Angola is a southern African nation whose varied terrain encompasses tropical Atlantic beaches, a labyrinthine system of rivers and Sub-Saharan desert that extends across the border into Namibia. The country’s colonial history is reflected in its Portuguese-influenced cuisine and its landmarks, including Fortaleza de São Miguel, built by the Portuguese in 1576 to defend the capital, Luanda.

How are birthdays celebrated?

We celebrate birthdays by getting together with friends and family for lunch or dinner. Very similar to the European way of celebration.

We say ‘Parabéns’ when wishing people on their birthday, which translates into ‘’congratulations!’’

When you first meet someone, how do you greet them?

Men shake hands while women kiss each other once on both cheeks.

What languages are spoken in your country?

Portuguese is the main language of communication. Angola does, however, have 6 local languages, and English and French are also widely spoken.

What side of the road to people drive on?

We drive on the right-hand side of the road. Watch a video of driving in Luanda during rush hour here.

How important is punctuality?

Punctuality is very important to foreigners. Locals, however, operate on African Time and may not always prioritise punctuality.

What types of music are popular?

Popular music amongst the locals in Angola include Kizomba, Kuduro, Semba, and some others. Some popular musicians are:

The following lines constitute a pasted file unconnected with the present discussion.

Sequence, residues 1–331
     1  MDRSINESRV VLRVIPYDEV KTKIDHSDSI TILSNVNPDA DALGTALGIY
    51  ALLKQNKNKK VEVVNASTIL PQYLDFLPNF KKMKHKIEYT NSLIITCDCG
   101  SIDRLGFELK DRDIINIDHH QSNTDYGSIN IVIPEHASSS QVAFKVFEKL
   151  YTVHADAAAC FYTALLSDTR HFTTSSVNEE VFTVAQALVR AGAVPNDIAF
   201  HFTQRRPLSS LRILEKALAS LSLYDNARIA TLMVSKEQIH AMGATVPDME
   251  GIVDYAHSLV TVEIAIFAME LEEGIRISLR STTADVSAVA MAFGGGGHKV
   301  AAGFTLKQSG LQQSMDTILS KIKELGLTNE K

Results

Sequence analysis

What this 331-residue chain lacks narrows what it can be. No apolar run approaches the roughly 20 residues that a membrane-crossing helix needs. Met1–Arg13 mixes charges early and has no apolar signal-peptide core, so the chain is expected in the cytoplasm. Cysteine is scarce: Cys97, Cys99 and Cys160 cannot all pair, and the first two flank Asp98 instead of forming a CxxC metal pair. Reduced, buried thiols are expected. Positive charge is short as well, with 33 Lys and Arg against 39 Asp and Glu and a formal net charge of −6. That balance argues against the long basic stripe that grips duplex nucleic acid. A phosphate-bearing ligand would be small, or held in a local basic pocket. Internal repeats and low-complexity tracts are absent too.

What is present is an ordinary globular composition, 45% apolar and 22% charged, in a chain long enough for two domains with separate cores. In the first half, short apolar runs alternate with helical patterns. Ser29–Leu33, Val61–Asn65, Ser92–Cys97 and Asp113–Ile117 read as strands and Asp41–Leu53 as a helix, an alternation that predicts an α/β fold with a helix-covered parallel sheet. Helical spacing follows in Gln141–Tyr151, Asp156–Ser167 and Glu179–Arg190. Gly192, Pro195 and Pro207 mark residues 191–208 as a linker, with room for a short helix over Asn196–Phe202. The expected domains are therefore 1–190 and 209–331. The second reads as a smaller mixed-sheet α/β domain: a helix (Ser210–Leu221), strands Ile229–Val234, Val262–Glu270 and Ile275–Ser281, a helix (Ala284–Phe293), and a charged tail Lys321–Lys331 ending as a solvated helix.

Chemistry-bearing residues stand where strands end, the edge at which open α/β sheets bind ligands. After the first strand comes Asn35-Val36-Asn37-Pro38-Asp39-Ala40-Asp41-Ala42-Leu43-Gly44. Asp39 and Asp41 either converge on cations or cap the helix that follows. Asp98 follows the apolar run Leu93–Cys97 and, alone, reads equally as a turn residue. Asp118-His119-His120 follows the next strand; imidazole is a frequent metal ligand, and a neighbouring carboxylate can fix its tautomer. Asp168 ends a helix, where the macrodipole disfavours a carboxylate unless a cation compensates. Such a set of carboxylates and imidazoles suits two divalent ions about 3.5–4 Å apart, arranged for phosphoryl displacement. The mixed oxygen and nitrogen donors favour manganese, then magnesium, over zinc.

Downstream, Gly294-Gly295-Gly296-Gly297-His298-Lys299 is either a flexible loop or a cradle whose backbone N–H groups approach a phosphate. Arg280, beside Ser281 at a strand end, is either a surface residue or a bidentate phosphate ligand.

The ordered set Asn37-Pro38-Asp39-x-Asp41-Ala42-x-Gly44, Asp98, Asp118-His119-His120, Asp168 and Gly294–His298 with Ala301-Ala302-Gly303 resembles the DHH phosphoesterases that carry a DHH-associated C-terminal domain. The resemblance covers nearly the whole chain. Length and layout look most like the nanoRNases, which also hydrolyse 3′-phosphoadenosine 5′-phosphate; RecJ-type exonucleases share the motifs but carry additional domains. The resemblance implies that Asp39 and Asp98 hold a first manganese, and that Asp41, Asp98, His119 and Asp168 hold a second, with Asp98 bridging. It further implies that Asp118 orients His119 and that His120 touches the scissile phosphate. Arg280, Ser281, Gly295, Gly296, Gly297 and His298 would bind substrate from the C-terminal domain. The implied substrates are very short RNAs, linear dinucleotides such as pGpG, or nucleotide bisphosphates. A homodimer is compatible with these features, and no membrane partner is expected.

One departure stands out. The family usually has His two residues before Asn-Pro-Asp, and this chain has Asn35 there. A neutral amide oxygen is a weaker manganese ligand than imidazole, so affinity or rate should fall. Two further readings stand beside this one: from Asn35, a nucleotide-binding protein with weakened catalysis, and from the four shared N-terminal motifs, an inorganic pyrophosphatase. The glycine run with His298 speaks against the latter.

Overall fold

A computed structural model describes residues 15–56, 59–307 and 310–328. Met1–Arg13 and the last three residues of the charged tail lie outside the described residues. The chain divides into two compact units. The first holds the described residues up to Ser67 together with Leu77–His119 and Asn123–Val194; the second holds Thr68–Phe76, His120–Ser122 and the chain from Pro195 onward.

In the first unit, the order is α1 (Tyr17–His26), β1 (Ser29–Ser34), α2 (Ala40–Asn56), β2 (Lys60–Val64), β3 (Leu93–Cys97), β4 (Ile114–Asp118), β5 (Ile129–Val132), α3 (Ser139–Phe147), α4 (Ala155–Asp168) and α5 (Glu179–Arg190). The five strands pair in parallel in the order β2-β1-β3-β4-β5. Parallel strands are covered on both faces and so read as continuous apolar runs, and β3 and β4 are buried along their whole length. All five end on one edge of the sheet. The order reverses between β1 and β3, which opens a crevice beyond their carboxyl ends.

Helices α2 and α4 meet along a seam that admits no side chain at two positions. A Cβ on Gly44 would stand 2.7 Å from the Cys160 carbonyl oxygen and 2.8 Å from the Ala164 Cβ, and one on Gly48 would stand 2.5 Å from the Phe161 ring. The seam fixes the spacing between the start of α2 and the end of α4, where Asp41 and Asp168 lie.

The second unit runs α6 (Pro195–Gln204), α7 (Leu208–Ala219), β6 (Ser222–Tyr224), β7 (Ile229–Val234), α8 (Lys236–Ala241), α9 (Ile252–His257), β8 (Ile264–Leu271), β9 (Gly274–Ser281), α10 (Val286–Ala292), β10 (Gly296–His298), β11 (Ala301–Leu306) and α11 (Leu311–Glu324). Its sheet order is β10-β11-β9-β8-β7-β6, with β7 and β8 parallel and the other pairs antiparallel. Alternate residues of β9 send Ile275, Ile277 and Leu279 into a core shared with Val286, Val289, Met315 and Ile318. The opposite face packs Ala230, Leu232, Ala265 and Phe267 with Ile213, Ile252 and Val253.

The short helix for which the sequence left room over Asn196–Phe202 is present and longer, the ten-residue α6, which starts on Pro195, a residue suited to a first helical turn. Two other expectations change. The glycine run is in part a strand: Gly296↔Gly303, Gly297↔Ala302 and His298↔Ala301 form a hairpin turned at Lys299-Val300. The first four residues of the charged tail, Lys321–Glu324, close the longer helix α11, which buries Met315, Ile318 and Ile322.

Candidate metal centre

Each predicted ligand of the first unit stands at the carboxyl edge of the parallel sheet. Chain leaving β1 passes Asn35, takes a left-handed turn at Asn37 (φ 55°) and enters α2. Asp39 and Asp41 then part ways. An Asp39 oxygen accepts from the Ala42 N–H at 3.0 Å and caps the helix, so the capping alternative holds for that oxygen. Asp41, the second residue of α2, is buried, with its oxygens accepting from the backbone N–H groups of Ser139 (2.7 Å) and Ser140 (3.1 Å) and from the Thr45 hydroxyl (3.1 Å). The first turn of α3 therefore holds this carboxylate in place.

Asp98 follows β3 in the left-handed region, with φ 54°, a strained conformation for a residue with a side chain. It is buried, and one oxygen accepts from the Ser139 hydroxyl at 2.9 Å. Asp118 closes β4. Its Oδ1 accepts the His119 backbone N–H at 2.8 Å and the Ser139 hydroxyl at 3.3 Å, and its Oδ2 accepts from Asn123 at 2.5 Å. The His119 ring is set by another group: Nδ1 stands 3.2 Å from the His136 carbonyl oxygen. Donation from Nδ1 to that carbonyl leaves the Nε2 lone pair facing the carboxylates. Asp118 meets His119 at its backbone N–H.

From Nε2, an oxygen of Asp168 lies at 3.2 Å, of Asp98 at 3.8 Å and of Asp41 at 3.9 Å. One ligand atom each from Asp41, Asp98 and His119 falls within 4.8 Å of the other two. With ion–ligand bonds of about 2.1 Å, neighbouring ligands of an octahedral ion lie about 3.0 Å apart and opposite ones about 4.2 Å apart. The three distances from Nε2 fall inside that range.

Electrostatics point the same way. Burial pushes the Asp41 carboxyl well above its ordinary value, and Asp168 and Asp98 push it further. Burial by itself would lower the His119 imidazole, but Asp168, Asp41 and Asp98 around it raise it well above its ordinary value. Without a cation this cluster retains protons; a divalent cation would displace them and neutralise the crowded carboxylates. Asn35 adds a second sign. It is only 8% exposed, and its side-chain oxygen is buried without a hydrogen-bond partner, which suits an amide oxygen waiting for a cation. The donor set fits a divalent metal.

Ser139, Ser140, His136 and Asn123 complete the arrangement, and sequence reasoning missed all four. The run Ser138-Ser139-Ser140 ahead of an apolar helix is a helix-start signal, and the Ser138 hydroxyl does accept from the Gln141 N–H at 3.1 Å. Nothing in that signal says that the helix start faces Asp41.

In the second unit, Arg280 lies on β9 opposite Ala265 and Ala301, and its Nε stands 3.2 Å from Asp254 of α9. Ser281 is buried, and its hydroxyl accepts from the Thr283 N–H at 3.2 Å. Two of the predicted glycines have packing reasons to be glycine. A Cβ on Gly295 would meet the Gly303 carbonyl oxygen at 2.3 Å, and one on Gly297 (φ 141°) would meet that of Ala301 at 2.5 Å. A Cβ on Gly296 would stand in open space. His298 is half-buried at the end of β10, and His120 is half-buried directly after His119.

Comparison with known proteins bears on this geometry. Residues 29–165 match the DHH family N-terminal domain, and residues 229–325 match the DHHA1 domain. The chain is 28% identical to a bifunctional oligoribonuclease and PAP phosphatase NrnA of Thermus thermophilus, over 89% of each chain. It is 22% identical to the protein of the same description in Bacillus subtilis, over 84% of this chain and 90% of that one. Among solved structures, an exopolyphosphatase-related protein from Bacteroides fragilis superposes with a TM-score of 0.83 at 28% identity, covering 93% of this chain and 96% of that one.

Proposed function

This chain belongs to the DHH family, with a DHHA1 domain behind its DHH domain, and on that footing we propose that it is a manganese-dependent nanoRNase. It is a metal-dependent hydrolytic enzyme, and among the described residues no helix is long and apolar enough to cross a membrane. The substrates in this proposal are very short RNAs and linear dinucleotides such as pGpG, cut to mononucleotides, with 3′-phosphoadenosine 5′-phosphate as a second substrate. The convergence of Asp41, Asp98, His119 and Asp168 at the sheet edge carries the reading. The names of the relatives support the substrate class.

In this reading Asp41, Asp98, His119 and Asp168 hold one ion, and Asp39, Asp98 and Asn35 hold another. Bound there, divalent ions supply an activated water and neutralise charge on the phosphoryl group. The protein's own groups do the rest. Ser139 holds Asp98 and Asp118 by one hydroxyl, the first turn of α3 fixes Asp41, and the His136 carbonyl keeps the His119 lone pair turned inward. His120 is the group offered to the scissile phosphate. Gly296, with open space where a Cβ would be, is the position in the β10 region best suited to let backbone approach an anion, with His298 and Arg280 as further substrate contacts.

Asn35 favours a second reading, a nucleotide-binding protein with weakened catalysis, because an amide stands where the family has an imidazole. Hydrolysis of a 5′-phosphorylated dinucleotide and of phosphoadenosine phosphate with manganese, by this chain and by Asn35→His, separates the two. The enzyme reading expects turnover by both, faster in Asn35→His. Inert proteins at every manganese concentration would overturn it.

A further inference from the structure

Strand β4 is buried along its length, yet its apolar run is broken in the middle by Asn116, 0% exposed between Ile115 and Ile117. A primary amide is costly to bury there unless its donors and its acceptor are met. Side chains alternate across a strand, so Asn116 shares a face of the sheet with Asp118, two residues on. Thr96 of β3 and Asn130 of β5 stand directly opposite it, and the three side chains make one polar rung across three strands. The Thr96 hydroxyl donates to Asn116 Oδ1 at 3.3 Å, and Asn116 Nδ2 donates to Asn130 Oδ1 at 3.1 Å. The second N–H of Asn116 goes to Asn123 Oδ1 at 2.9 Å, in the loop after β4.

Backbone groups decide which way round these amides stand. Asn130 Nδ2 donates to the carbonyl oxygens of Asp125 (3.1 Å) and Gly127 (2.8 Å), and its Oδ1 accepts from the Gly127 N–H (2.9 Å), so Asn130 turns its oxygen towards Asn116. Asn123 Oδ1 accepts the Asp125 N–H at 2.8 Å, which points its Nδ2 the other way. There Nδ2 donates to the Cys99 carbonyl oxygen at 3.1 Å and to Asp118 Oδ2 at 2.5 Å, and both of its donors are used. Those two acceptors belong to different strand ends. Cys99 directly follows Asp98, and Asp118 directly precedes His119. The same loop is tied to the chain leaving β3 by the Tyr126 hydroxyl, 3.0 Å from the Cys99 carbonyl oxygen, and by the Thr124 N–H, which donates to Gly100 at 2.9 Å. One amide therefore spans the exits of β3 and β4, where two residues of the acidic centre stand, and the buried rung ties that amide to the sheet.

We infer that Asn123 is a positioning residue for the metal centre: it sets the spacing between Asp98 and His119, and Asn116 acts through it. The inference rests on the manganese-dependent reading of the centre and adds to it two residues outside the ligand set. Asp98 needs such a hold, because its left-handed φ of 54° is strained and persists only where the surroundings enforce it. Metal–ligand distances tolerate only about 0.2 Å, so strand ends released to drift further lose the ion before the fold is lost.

• Mestre Dangue – Watch and listen here.
  • Ary – Watch and listen here.
  • Matias Damasio – Watch and listen here.


Are there any traditional dances?

Kizomba is native to Angola. It is a genre of music with a romantic flow mixed with African rhythms. The Kizomba dancing style is also known to be very sensual.


Kuduro is a type of music and dance developed in Angola in the 1980’s. It is described as up-tempo, energetic and danceable.


What traditional festivals are celebrated in your community?

Carnival is one of the biggest festivals that everyone gets excited for.

  • Read this article to understand the celebration around Carnival in Angola by clicking here.


What are your seasons like?

Very Mediterranean. Summer is  the rainy season and lasts from October to March. The temperature in winter never drops below 18 degrees Celsius. July is the coldest month and January the hottest.

What types of industry do you find other than oil?

Other than oil, diamonds is the county’s main economic resource. Gold, copper and wildlife are also important to Angola’s economy.

How do people spend their free time?

Luanda has great night life and lovely beaches that we definitely recommend you check out on your next visit!

What do people drink?

People in Angola enjoy drinking local beer and Portuguese wine.

What is a popular local dish?

Fish Calulu, or Calulu de Peixe, is a traditional recipe made in Angola and São Tomé e Príncipe. It is a signature fish stew which combines delicious vegetables cooked in red palm oil with okra and sweet potato leaves. This dish is typically served with funje, which is a mashed potato like substance made from cassava flour. It is unbelievably rich in different flavours and spices, and is one of the most popular dishes in Angolan cuisine for good reason.

Is Angola a safe country?

Security is usually pretty good with upswings during the end of year holiday period, but currently there has been an increase in petty crime due to the worsening economic situation.


If you would like to read more interesting blogs and articles like this, click here.


Written by Eloise Williams

Edited by Saudika Hendricks

Contributions by Inyene Udoyen



Angolan Exemption Permit Project Information

The following has been confirmed with the South African Department of Home Affairs: